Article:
Pilot Mound seed grower Joe Wallace tiled a saline area in his field in 2014 and within two years the salt level had fallen by half and continues to decline. “The salinity was there because we had a high water table, so when we tiled we dropped the table, which took the salts out with it and we’ve had better crop growth and better yield in those areas ever since,” says Wallace.

The new water management and soil moisture monitoring tools should go way beyond identifying existing water issues at the surface, to showing what’s happening below the soil in the root zone and allow farmers to compare crop performance between tiled and non-tiled fields.

“In a tiled soil, roots can grow down deeper which makes them more drought tolerant and more resistant to future stress so they can fulfill their potential because a strong root zone sets the plant up to be the bumper crop that farmers want in the fall,” says Sheffield.

Most people understand the benefits of tile drainage in a wet year, but how does it work in a dry year? “Last year was a dry year and we had a 20 bushel/acre increase on soybeans and around a 10 to 12 bushel/acre increase on our canola,” says Sheffield, whose 4,000-acre family farm is also partly an experimental and demonstration site for NextGen’s tile drainage systems. “The biggest benefit was that the crops on our tiled ground were prepped to handle the drought stress by getting a good start in the spring. When you have a lower root zone because of the tile, the roots are able to search deeper for water and they grow stronger.”

A properly installed tile system will never take away too much water, he adds. “Soil is like a sponge so by putting tile underneath it, you’re allowing water to get down so the sponge isn’t full,” says Sheffield. “But tile doesn’t squeeze the sponge, so there’s still water in that soil that the plant can use. It’s only taking out what’s harmful to the crop and it’s providing the proper amount of soil moisture and oxygen that the plant needs.”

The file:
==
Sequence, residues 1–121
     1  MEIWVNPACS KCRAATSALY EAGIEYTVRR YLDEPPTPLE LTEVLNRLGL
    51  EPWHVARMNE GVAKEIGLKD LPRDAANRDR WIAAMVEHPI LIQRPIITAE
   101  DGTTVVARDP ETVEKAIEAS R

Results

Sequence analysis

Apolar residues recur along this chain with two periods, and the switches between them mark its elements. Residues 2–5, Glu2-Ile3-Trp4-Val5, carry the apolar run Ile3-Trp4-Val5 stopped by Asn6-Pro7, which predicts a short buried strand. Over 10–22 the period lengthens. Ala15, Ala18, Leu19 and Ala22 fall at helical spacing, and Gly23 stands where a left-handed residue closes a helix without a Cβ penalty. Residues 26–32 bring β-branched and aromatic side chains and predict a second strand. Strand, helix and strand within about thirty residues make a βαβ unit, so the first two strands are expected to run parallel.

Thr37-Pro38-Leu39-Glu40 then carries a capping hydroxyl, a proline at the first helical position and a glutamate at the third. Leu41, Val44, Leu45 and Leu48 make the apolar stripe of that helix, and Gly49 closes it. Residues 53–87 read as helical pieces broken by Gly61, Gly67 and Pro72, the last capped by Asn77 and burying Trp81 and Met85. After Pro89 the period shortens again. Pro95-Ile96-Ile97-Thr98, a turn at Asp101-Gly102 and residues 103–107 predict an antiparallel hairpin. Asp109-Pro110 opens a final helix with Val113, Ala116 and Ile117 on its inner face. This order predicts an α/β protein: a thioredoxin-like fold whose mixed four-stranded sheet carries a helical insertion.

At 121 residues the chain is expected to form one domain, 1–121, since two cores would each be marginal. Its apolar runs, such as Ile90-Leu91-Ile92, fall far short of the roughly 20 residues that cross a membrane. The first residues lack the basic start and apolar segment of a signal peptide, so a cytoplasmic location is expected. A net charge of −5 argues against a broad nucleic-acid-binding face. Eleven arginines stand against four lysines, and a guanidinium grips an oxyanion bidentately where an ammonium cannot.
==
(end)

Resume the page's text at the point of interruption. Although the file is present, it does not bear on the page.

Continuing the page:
A Selling Feature

NextGen has test sites across Manitoba, Saskatchewan and Alberta where it has been collecting data. Data from the test sites is being analyzed and will be released via social media on an ongoing basis.

“We invite the public to follow us along on Twitter,” says Sheffield. “If anyone wants to email us and ask about a different site, there’s a good chance we’ve tiled close to it because we’ve done a lot of tile sites everywhere across the Prairies.”

Marginet, who farms 6,200 acres of grain and potatoes near Treherne, Man., does have tile drainage on some of his acres, and says that the additional management data that will be available through the Farmers Edge/Next Gen collaboration would be a definite selling feature if he decided to add more tile drainage in the future. “I think with the overall progress that they are making on the digital side, with the weather stations, and soil moisture probes eventually, there is way more information at your fingertips,” he says.

About the author

Contributor

Angela Lovell is a freelance writer based in Manitou, Manitoba. Visit her website at http://alovell.ca or follow her on Twitter @angelalovell10.